Proper form is always important, but it’s never more true than with this move. If you have sloppy posture, you’ll end up straining your back instead of strengthening it. Check out BuiltLean’s tutorial to make sure you get it right.
2. Single-Leg Hip Flexion
Sitting at a desk all day can spell serious trouble for your hips. The solution is usually working more movement into your day, so avid cyclers might think they’re golden. Sadly, the posture you hold on the bike contributes to tight hips in exactly the same way. In order to keep the area strong and flexible, you have to train it. The single-leg hip flexion is a great choice and also one of four moves Bicycling South Africa recommended for a stronger, faster cadence.
Using the cable machine, loop the harness around your left ankle. Position yourself far enough away from the machine to fully extend the cable. Keeping your abs tight and your left foot flexed, raise your knee until it’s even with your hip, then slowly lower back to the starting position. After one set, switch legs. You can also do the move with a resistance band. Head over to SparkPeople to see how.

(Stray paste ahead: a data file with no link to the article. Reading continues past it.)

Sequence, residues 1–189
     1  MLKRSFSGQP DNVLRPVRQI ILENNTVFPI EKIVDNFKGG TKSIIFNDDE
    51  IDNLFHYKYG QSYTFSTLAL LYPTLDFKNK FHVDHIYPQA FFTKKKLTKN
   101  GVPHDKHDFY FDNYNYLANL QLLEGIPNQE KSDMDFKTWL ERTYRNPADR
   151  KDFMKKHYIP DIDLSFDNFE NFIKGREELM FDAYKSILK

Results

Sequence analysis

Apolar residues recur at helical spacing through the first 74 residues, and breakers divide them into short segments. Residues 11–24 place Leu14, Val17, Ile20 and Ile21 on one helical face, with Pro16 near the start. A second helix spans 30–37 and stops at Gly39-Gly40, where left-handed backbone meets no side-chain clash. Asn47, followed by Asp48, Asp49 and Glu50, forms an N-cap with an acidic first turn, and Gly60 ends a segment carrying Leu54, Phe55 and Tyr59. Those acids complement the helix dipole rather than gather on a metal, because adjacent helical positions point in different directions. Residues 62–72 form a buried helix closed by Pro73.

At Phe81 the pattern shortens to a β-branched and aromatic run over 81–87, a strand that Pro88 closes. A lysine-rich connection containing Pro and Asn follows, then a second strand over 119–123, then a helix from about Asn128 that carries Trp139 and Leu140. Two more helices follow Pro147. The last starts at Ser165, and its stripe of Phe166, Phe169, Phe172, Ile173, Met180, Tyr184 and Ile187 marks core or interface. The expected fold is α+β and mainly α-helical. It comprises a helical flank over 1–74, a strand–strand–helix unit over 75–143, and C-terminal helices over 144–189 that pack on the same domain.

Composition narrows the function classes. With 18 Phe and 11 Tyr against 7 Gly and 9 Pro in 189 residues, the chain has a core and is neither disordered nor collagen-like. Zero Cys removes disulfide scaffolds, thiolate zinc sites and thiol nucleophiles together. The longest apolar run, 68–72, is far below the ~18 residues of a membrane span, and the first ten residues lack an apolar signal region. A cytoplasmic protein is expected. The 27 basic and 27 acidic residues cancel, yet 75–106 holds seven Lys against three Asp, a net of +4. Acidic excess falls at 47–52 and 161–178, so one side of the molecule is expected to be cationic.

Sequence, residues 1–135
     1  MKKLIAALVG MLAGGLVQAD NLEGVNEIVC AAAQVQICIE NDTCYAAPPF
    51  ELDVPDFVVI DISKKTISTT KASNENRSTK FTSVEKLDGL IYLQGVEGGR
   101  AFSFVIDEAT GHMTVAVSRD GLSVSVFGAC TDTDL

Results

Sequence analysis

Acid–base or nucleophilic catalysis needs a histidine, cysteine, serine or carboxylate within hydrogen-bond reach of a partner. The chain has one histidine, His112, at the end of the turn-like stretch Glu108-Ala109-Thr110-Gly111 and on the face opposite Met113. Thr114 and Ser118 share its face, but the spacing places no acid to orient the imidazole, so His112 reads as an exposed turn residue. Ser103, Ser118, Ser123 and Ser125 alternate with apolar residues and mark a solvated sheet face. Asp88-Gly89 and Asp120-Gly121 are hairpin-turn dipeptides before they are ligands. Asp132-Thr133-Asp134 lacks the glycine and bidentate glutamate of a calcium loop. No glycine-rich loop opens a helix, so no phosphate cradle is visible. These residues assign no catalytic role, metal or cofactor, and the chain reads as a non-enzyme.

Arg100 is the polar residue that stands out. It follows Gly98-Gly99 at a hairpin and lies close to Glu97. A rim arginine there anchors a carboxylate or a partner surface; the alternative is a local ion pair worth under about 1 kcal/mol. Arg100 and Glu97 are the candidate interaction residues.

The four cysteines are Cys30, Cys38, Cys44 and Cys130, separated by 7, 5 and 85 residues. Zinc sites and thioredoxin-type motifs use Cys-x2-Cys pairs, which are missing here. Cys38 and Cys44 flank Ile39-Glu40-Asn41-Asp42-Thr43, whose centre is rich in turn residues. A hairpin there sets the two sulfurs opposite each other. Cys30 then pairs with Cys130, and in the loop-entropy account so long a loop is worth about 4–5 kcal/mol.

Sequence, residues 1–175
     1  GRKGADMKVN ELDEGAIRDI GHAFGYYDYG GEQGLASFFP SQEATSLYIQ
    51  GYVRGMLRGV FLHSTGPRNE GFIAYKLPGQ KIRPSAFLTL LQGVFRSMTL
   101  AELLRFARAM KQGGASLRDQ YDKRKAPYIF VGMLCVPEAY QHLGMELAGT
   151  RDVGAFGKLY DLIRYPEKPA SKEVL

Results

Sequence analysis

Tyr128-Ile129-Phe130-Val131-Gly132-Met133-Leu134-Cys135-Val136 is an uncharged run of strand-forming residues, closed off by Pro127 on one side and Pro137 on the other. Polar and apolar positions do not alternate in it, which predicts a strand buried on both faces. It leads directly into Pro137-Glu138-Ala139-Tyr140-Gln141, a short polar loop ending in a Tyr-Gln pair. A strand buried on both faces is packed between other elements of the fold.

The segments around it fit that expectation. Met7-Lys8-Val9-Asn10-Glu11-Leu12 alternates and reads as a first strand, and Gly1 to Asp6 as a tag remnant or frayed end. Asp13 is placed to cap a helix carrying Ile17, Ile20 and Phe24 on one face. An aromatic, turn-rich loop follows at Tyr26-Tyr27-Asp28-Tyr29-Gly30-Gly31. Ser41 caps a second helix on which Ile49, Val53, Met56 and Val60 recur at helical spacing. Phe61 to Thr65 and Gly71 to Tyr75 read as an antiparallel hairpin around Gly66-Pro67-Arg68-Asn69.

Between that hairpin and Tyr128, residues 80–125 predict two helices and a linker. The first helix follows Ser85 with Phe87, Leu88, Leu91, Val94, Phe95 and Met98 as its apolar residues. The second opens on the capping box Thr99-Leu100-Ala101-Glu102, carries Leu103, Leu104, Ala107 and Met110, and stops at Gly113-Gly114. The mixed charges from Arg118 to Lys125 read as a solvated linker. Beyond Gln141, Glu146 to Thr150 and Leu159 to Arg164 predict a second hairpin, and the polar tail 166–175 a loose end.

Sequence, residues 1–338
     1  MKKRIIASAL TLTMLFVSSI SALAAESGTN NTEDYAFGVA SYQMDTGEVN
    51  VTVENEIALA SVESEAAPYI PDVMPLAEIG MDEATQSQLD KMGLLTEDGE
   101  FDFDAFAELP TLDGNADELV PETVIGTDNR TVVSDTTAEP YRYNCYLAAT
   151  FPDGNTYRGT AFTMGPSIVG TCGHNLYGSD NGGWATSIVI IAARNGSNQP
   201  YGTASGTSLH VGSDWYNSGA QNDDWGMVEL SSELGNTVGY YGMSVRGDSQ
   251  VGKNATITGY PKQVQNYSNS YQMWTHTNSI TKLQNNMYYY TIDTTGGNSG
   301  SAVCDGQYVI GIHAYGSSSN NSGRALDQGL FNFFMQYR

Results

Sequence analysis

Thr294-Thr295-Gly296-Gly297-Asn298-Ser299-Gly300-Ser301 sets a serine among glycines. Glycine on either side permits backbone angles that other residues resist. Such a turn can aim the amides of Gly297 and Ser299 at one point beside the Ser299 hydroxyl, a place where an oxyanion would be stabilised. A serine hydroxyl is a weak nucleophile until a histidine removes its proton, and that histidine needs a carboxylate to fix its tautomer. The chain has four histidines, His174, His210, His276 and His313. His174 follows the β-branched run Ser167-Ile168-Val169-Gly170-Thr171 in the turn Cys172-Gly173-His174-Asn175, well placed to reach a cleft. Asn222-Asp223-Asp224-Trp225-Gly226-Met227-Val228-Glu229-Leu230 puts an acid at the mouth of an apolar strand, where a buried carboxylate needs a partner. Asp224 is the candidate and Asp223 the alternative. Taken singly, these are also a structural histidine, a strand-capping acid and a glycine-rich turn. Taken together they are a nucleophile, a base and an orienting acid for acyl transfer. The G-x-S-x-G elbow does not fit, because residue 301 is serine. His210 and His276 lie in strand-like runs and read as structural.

This is one exercise that has gotten a lot of coverage over the years, and it’s no flub. Planks are a fantastic way to strengthen your core, which is key for athletic performance as well as day-to-day activities. They target your abs, lower back, and shoulders. Since the move is so basic, it’s easy to add variations to increase your effort, such as this single-leg alternative demonstrated on TrainingPeaks.
For the basic move, get yourself into a push-up position on the floor. Support your weight on your forearms with your elbows placed directly underneath your shoulders. Your legs should be straight and your back and stomach should be tight. All you do is hold the position, but it gets harder the longer you go. Once you can keep yourself aligned for more than 90 seconds, it’s time to start adding some variations for more of a challenge.
4. Weighted Squats